How would you describe the investment climate in Vietnam? Which sectors offer the largest potential?

Since the country's accession to the World Trade Organization WTO in 2007, Vietnamese markets have been exten¬sively opened to foreign investors in many sectors. Simultaneously, the government has issued various policies easing business conditions and relaxing administrative burdens. In addition, Vietnam has also signed several new free trade agreements, such as EU-Vietnam FTA and UK-Vietnam FTA, which are promising to boost trade flows and to create attractive and safe conditions for business ventures in the country.
Foreign investment in Vietnam is largely open and liberalized, except for very limited areas subject to foreign investment restrictions, such as financial services, certain aspects of logistics, telecommunications services and applications. Nevertheless, Vietnam's free market economy offers great opportunities for foreign investors, particularly in the areas of mechanical engineering, renewable energy (such as rooftop solar systems in the industrial sector), high-tech and IT, the latter of which is subject to attractive tax breaks. The country's international market, with its rapidly growing middle class and large number of consumers, also offers a good basis for foreign investors.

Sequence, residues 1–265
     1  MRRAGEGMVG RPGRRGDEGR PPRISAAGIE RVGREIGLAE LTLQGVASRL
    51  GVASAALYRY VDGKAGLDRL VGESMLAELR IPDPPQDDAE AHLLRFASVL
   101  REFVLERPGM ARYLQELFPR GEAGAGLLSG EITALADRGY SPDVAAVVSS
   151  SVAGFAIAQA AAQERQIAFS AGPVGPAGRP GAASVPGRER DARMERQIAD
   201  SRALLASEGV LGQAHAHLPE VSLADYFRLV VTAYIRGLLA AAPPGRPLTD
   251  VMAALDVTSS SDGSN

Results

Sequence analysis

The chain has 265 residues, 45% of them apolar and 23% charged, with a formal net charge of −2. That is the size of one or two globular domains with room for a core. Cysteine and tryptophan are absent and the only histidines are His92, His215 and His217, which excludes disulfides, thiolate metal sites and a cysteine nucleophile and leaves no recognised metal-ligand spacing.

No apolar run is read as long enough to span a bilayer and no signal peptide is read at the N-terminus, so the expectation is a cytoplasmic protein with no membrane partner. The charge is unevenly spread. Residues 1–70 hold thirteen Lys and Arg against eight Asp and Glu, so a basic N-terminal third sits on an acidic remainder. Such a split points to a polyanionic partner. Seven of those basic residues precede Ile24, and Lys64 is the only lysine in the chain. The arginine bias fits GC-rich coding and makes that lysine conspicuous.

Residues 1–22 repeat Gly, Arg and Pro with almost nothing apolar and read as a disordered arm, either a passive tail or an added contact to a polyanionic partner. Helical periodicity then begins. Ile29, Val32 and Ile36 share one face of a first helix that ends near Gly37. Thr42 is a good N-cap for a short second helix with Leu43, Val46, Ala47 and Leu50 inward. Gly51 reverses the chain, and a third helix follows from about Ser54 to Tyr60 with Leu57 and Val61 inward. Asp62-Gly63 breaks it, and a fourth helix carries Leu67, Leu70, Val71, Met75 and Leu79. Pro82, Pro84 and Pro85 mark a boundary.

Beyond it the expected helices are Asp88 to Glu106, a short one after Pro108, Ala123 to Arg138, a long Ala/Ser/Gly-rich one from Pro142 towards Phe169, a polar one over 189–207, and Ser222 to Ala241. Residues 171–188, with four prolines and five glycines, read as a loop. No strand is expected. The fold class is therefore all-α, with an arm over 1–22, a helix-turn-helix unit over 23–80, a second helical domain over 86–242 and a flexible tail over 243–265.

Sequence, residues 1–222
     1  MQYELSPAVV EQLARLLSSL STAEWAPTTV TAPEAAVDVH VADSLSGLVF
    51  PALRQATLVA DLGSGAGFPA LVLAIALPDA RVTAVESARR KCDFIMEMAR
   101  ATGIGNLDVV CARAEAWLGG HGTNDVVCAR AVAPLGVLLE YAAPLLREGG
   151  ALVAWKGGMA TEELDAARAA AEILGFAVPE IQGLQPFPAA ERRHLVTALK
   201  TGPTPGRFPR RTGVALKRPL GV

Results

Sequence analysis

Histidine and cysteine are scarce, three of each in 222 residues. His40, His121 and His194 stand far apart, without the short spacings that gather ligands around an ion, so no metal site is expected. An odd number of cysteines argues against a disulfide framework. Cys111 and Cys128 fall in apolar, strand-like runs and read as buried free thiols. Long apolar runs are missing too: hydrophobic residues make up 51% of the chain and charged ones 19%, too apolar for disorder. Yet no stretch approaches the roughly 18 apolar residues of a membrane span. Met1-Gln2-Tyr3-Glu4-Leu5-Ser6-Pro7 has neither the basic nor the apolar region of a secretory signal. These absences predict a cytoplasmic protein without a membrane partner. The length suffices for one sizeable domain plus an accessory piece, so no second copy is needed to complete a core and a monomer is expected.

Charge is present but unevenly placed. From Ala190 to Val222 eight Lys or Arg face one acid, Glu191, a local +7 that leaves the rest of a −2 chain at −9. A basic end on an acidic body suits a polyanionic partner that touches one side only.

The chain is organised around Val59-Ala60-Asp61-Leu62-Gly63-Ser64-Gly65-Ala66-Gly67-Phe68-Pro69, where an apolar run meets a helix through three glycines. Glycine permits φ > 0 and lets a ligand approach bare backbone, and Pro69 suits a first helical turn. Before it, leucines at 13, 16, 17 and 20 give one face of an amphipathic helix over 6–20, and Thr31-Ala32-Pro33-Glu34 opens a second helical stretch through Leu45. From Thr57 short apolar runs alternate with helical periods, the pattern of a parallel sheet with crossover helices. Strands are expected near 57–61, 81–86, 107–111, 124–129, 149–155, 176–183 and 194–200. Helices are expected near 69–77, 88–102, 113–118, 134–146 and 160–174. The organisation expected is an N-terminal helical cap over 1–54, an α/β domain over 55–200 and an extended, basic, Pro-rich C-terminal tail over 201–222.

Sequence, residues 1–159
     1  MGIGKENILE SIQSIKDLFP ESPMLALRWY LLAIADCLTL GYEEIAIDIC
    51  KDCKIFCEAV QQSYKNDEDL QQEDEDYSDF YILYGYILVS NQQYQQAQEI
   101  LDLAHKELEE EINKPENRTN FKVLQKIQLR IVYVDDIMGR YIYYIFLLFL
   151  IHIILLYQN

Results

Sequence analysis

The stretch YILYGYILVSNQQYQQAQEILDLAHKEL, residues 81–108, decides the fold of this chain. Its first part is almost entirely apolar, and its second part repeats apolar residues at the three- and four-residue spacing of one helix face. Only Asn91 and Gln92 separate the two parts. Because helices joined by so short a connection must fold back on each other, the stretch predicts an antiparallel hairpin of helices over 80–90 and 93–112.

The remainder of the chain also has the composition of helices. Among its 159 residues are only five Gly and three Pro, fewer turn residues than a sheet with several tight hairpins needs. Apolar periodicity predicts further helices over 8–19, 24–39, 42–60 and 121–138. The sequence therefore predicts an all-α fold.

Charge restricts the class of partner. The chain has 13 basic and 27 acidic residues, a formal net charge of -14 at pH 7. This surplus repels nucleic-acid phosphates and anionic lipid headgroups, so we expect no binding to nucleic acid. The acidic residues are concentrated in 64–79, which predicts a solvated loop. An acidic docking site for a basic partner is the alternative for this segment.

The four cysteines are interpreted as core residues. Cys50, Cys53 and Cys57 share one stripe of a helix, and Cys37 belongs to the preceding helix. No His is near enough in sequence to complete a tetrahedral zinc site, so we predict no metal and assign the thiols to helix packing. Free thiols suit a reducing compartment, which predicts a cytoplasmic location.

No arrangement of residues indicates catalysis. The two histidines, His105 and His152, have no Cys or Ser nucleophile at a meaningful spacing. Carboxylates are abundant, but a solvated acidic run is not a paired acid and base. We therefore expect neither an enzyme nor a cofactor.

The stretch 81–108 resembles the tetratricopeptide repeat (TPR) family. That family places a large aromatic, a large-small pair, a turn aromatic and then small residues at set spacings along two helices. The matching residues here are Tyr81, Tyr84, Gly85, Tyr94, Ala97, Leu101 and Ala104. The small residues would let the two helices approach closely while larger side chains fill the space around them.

The emphasis on trade-intensive and labour-intensive goods such as textiles and timber remains, but is currently shifting. We are currently observing a development away from shoe and clothing production towards more complex assembly and production of machines and electronic and electrical devices. New technologies are still very little developed in Vietnam and offer good opportunities – a fact recognized by the country's government, which is proactively trying to attract investment in this area.
Vietnam's safe and stable situation attracted foreign direct investment in 75 countries in 2024. In the first four months of 2024, Singapore was the largest investor, followed by Hong Kong and Japan. During this period, the total volume of investments reached 9.27 billion US dollars, an annual increase of 4.5 percent. 72 percent of the total investment volume went to production and processing operations.